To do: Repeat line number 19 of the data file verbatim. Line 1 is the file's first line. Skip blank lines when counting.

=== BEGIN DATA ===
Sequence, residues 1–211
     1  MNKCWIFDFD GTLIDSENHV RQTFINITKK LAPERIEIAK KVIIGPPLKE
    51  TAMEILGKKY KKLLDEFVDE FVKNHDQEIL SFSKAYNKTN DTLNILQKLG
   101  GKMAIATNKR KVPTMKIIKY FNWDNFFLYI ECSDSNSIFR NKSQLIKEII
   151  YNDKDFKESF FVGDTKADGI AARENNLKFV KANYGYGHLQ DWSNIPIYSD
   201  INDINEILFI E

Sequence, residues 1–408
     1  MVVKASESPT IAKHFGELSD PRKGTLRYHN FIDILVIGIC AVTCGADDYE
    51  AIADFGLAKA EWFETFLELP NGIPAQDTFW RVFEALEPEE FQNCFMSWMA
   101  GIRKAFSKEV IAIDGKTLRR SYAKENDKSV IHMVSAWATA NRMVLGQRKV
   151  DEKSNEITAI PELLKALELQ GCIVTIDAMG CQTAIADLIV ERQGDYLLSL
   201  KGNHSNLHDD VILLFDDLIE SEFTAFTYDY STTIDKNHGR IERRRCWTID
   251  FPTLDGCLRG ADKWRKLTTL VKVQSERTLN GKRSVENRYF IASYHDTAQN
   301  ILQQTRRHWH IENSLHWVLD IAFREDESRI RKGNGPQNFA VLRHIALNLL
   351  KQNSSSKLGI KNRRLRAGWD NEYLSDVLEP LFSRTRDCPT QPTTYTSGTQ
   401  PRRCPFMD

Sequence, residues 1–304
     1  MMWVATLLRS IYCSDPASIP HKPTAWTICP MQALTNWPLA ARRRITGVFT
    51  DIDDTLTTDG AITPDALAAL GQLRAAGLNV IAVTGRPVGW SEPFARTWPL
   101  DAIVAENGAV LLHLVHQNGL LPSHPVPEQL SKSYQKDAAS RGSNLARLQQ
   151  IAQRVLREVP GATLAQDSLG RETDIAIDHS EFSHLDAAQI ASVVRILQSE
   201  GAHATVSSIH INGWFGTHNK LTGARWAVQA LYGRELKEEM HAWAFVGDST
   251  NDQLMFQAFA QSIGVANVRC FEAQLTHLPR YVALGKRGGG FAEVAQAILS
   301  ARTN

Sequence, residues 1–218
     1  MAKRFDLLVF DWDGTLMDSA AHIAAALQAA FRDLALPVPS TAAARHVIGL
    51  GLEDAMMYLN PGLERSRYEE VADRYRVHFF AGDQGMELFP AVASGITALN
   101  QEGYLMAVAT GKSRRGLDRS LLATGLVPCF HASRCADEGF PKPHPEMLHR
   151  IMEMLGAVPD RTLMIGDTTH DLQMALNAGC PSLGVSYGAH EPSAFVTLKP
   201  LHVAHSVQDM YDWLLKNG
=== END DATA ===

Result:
    51  DIDDTLTTDG AITPDALAAL GQLRAAGLNV IAVTGRPVGW SEPFARTWPL